Droplets of glass dug up in New Jersey and from the Atlantic seabed indicate a comet or some other extraterrestrial object may have smacked Earth 56 million years ago, roughly 10 million years after the asteroid impact that doomed the dinosaurs.
Scientists said on Thursday the collision may have triggered a particularly warm, ice-free period on Earth when important mammalian groups, including the primate lineage that led to humans, appeared for the first time.
The findings, published in the journal Science, marked the latest evidence of the profound influence that past impacts by celestial bodies have had on life on Earth.
The tiny spherical bits of dark glass, called microtektites, represent strong evidence of a collision with a comet or asteroid, the researchers said. They form when a space rock hits Earth’s surface and vaporizes the spot where it lands, ejecting into the air bits of molten rock that solidify into glass.
The microtektites were excavated from a geological layer marking the start of the Eocene Epoch about 56 million years ago from three sites in southern New Jersey (Millville, Wilson Lake and Medford) and an underwater site east of Florida.
That coincided with the beginning of a warming event, called the Paleocene-Eocene Thermal Maximum, associated with an accumulation of atmospheric carbon dioxide. It lasted more than 100,000 years and drove up global temperatures about 9-14 degrees Fahrenheit (5-8 degrees Celsius).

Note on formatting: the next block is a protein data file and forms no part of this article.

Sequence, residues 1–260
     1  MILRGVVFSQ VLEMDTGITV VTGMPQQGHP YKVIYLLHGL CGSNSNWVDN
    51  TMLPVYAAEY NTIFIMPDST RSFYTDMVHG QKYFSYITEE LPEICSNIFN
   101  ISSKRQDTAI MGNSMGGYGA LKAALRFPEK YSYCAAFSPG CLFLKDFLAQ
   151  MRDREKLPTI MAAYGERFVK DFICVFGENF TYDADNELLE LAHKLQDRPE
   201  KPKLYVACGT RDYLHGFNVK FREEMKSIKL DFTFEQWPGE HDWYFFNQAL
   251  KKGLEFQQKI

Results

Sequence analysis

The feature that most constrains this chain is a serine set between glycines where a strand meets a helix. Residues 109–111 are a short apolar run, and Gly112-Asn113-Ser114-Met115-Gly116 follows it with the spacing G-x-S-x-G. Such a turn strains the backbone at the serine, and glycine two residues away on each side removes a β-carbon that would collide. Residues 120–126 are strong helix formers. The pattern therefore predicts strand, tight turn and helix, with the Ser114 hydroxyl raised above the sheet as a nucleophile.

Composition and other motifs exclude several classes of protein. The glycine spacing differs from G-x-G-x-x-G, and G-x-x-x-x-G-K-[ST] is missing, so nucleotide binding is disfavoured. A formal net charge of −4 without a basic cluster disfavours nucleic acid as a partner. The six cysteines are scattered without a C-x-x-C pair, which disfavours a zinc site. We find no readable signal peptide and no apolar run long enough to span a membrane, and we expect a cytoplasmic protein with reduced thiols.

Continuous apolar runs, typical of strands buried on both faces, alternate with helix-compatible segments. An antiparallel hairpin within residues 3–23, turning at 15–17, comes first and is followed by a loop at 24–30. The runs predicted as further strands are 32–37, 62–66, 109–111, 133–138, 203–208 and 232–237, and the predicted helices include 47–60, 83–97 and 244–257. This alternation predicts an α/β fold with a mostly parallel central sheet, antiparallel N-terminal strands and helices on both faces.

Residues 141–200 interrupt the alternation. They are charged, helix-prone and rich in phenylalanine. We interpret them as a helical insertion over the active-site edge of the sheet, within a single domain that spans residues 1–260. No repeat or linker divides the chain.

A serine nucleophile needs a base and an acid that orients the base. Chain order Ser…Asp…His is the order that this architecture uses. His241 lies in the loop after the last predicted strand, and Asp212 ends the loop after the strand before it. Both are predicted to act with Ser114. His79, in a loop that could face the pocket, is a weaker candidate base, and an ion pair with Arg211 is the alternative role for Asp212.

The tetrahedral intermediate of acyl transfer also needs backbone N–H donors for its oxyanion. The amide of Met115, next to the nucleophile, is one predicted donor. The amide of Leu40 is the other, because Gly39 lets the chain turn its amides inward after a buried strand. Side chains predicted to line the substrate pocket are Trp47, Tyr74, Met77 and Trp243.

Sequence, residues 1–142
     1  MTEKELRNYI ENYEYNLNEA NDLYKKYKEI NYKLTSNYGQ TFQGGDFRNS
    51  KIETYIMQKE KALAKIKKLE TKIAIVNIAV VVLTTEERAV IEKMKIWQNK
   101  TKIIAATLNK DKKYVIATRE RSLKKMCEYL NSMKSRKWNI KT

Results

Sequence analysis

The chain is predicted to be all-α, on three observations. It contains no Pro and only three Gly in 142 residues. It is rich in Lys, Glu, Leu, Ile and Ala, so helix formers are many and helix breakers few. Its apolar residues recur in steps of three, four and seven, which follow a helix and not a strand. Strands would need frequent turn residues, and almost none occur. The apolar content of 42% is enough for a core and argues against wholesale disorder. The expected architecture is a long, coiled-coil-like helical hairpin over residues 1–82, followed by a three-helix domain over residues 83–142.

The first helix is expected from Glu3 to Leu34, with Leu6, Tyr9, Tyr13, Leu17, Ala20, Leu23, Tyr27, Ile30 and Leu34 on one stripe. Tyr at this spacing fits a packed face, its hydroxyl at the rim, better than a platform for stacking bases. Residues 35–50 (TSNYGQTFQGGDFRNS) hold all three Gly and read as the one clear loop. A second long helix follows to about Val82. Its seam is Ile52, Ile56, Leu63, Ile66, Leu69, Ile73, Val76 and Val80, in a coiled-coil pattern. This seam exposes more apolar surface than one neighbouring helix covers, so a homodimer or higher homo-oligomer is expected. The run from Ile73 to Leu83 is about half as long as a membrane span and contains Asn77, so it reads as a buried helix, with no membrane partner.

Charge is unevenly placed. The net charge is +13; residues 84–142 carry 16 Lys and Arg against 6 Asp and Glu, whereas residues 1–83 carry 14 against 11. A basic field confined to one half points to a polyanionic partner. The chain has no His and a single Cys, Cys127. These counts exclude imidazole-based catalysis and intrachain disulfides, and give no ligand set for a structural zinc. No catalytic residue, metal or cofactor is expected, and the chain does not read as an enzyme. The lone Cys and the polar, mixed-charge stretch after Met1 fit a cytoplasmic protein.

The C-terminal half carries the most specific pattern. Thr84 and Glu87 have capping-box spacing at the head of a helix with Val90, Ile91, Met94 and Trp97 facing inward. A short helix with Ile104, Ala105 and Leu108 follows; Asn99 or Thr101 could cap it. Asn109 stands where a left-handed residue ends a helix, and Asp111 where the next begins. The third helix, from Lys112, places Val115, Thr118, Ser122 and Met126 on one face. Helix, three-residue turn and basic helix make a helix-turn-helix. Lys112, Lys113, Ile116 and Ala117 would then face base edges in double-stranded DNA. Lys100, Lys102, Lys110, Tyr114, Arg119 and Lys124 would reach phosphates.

The impact of an asteroid about six miles wide (10 km) off Mexico’s Yucatan Peninsula 10 million years earlier killed off many marine and terrestrial creatures including the dinosaurs and enabled mammals to gain supremacy.
No such mass extinction was associated with the event 56 million years ago, although many single-celled ocean-bottom creatures disappeared. During the warming period, primates and two mammal groups — one that includes deer, antelope, sheep and goats and another that includes horses and rhinos — first appear in the fossil record.
The researchers said they have not found the location of an impact crater linked to the collision. They said geological evidence suggested the object was a comet.
“We can’t really say where it was, or how big, at this point,” said geochemist Morgan Schaller of Rensselaer Polytechnic Institute, who led the study.
While the findings are not proof that the impact caused the warming period, they are “a rather dramatic finding in support of an impact trigger” for the climate changes, said planetary scientist Dennis Kent of Columbia University’s Lamont-Doherty Earth Observatory and Rutgers University.
(Reporting by Will Dunham; Editing by Sandra Maler)